Burn This opened in Los Angeles, California, on January 22,1987. Wilson's play is a contemporary romantic drama, but it is not a happy romance, and even the resolution cannot be described as entirely happy. The two romantic leads, Anna and Pale, do not find love easy, and it is not easy for the audience to witness. Early reviews of the play were mixed. Although reviewers commended Joan Allen and John Malkovich' s performances, some critics questioned the credibility of an attraction between Anna and Pale. Nevertheless, the play has been generally well-received because the characters are interesting, particularly Larry, Anna's homosexual roommate, who is funny and endearing. In a 1986 interview with David Savron, Wilson explained that Burn This is a love story different from any other love story because the characters do not say, “I love you"; they say, "I don't want this." This conflict, argued Wilson, makes the love story contemporary. Wilson spent time studying modern dance so that he could incorporate the atmosphere and style into his character of Anna. Burn This is Wilson's thirty-eighth play, and he was willing to wait for nearly a year to put it on stage because he wanted John Malkovich to play Pale. He has stated that with this play he wanted to recapture the convoluted plotting of his earliest plays. Wilson relies upon dialogue to reveal the plot, and thus, the audience must pay close attention in order to follow the action. Burn This was not as commercially or critically successful as were Wilson's Talley's Folly or Hot Baltimore, but it has been widely discussed as a depiction of a contemporary love story.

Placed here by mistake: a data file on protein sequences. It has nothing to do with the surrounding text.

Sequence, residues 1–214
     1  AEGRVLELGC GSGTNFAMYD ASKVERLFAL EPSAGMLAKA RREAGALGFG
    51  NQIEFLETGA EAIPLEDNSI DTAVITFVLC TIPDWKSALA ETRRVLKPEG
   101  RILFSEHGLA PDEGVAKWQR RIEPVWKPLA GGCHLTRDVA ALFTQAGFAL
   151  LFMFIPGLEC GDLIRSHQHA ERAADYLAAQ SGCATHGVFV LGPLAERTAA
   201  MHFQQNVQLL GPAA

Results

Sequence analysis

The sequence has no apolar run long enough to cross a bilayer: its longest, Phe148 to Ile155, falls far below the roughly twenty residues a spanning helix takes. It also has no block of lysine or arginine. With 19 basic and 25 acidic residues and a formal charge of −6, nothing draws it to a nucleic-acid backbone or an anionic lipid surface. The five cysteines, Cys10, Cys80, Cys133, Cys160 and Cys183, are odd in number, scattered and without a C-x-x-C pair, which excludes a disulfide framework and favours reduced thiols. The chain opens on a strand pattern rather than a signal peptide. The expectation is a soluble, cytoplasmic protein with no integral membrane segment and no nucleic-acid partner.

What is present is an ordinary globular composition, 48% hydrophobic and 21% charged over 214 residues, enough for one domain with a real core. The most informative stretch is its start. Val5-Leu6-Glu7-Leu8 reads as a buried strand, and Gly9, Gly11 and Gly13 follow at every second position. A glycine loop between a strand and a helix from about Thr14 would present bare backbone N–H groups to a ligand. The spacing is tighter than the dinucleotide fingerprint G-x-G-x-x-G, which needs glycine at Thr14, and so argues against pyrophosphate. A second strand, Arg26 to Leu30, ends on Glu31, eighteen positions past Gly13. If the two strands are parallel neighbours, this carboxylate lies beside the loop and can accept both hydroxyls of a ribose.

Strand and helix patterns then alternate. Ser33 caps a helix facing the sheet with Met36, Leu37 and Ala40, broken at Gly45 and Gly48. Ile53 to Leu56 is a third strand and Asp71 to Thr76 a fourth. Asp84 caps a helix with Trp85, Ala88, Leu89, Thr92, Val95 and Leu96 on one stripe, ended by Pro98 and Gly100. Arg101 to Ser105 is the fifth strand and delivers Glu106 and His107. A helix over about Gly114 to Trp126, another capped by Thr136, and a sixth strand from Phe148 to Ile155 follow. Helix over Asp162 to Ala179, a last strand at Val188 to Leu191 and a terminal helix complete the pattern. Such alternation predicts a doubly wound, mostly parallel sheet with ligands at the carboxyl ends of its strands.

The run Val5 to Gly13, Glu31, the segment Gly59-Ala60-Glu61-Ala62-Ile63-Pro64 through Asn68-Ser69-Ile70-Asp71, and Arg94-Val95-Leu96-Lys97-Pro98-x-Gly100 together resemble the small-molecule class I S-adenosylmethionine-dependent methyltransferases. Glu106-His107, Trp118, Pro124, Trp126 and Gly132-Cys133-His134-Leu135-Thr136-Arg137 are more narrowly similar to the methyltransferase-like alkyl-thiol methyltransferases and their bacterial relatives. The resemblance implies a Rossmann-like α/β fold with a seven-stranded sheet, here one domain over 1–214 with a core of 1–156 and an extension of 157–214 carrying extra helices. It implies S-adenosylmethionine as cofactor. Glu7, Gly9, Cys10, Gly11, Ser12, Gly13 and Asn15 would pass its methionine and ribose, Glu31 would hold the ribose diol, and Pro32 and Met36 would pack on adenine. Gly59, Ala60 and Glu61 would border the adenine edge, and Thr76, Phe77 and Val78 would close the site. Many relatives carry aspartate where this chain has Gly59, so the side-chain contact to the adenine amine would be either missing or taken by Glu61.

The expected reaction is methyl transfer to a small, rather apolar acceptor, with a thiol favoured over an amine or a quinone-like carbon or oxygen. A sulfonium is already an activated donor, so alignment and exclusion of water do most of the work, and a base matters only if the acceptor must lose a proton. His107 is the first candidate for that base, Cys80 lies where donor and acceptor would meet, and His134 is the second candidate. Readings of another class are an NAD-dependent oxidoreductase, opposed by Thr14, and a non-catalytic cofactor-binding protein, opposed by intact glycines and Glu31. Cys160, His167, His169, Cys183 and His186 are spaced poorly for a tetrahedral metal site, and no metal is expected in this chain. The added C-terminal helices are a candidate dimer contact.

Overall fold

Act I, scene 1
Burn This opens just after the death and funeral of Robbie, Anna and Larry's roommate. The action takes place in the roommates' loft, and as the play begins Anna is huddled on the sofa smoking, a drink in her hand. Burton arrives at the loft and is admitted. In the conversation that follows, the audience learns that Robbie and his partner, both of whom were gay, were killed recently in a boating accident. Anna was unable to reach Burton, who was out of town, and he has come to the apartment upon returning to New York and hearing the news. When Larry enters with groceries, the audience learns even more about the events of the past few days. The audience also learns about the nature of Anna and Burton's relationship. Although he is supposed to be her boyfriend, he could not be reached by phone when she needed him, and his initial interaction with Anna seems distant. Both Larry and Anna take turns describing Robbie's funeral and his family's reaction to his death. The audience learns that Robbie and Anna worked closely together and that she had recently changed careers from dancer to choreographer. Robbie was an integral part of Anna's new career, and his dancing was also a part of her choreography work. Thus, she has not only lost a friend and roommate, she has lost an artistic partner. Anna tells Burton that Robbie's family, none of whom had never seen him dance, did not acknowledge that he was gay. Instead, they assigned Anna the role of Robbie's girlfriend and treated her as his grieving widow. Both Larry and Anna are upset at this treatment by Robbie's family, and the dialogue serves an important purpose of establishing this family's background before the arrival of Pale, Robbie's older brother, who appears at the loft later in Act I. Anna, Larry, and Burton also talk about Burton's recent trip, the purpose of which was to help him rind sources and inspiration for his next screenplay. Burton makes a great deal of money for the sale of his scripts, but apparently feels no great loss at their sale and would just as soon not know how Hollywood uses his material.
Act I, scene 1
The scene opens with a pounding on the door; it is the middle of the night. Pale, enters the loft; he is loud and obnoxious. His speech makes little sense to Anna and is filled with obscenities. It is revealed that Pale is twelve years older...
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